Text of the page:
So, this 6+6 arrangement will stay until the supply chain issues are resolved?

It is not a blanket approval; it is a proposal-to-proposal approval. When you apply, you submit a very clear plan as to what is the period you are looking for, where are the routes you are flying in this interim period or the stop-gap period, and then that permission is given for 6+6 on the basis of that, so if you make the commitment from you will be there that your planes will come in and therefore you will not need that wet-lease requirement (thereafter).

Do you think Indian airlines should induct wide-body aircraft?

Absolutely. I have been saying that from day one. You need to cast your net far and wide. We have a very robust domestic market and robust connectivity. Where we are very strong as a market is the mid-market which is the large narrow-bodied fleet, but you got to go upwards in the long-haul wide-body, and you have got to go downwards into the penetration for the last mile connectivity for smaller aircraft as well.

There has been a rise in airfares. Do you think it is going out of the common man’s budget?

It is a free market. The market decides the prices. Having said that, there are certain levers which come in intermittently. We are today in one of the busiest seasons, and, therefore, there is a demand-supply chain, and a demand-supply issue almost certainly does result in pricing. You have seen such an exponential rise in demand; suddenly, you have gone to a surplus in terms of demand coming in. That exponential rise was internationally not thought of. The third factor, which is the elephant in the room, is the whole issue of aviation turbine fuel (ATF). The fact is prior to covid 2019-20, ATF was roughly around 50,000 per kilo litre. That price has gone up 2.5 times today. If you look at the cost structure of an airline, almost 50% of the cost is the price of fuel, so that itself has a huge impact.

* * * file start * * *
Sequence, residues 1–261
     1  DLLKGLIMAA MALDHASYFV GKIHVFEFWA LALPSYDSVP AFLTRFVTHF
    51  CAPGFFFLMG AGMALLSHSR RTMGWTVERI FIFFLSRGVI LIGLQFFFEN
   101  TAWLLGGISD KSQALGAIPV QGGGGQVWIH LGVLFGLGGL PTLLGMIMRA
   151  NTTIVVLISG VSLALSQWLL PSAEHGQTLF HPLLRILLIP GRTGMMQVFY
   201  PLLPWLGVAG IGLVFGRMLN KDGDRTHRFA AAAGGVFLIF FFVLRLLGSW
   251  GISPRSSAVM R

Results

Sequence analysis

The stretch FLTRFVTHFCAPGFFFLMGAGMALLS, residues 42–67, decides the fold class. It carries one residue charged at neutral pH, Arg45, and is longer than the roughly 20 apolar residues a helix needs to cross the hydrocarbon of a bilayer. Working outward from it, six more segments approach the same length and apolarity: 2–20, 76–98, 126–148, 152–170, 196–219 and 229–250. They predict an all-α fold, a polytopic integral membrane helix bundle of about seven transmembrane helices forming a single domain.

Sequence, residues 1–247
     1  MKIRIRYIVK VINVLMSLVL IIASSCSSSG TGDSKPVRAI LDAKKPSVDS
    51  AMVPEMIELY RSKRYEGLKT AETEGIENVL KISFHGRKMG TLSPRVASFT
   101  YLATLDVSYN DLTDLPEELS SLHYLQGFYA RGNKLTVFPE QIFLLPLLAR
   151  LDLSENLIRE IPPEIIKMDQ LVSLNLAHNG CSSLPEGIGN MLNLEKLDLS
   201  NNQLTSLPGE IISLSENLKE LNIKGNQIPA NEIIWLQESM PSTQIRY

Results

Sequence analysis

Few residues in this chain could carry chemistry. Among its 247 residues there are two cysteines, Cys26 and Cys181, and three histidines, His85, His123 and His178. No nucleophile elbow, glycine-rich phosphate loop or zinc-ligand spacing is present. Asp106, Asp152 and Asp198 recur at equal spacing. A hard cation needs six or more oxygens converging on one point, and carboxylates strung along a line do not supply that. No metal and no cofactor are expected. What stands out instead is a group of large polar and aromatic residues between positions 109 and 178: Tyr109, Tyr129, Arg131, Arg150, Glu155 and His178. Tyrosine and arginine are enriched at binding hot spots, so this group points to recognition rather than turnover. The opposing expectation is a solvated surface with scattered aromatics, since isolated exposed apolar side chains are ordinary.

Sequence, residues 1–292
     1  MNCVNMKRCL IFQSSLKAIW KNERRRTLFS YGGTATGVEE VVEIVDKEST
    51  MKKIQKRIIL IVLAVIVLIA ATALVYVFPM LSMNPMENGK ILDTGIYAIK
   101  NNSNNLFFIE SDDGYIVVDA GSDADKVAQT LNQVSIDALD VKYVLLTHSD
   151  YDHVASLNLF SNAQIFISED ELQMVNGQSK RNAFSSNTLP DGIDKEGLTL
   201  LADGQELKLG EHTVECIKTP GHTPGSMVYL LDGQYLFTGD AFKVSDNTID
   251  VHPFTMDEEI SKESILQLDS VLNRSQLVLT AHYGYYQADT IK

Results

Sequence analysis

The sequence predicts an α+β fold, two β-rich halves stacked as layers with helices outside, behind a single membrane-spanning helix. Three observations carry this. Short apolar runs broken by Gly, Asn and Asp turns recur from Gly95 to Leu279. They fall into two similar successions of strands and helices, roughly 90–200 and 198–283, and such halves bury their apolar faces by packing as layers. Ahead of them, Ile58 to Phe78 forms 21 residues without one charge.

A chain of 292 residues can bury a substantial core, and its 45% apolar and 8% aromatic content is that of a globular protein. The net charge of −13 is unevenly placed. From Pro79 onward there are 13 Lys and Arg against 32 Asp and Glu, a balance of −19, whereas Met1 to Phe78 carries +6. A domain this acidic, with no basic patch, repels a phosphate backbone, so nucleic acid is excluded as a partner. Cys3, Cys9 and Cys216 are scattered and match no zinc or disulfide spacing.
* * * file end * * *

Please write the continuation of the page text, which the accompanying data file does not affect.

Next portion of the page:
What is being done to assuage the concerns over fuel costs?

There were only 12 states in July 2021 that had VAT (value-added tax) on ATF between 1-4%, and almost about 24 states had VAT on ATF at 20-30%; we have moved 16 states from this basket of 24 to 1-4% regime, so now we have 28 states between 1-4% and only eight states left in the regime of 20-30%; and so I am thanking the 16 states that have moved over, and I am pleading with the balance eight states to also move over to this regime because the multiplier effect of the civil aviation. When J&K reduced VAT on jet fuel, Srinagar saw a 360% rise in refuelling within two weeks.

What is your view on Jet Airways’ relaunch?

They got their approval from NCLT in 2021, and they got the clearance from us for the air operator licence in May 2022; there are discissions internally with their lenders and consortium for their aircraft, but I think somewhere in 2023, hopefully, they will be online.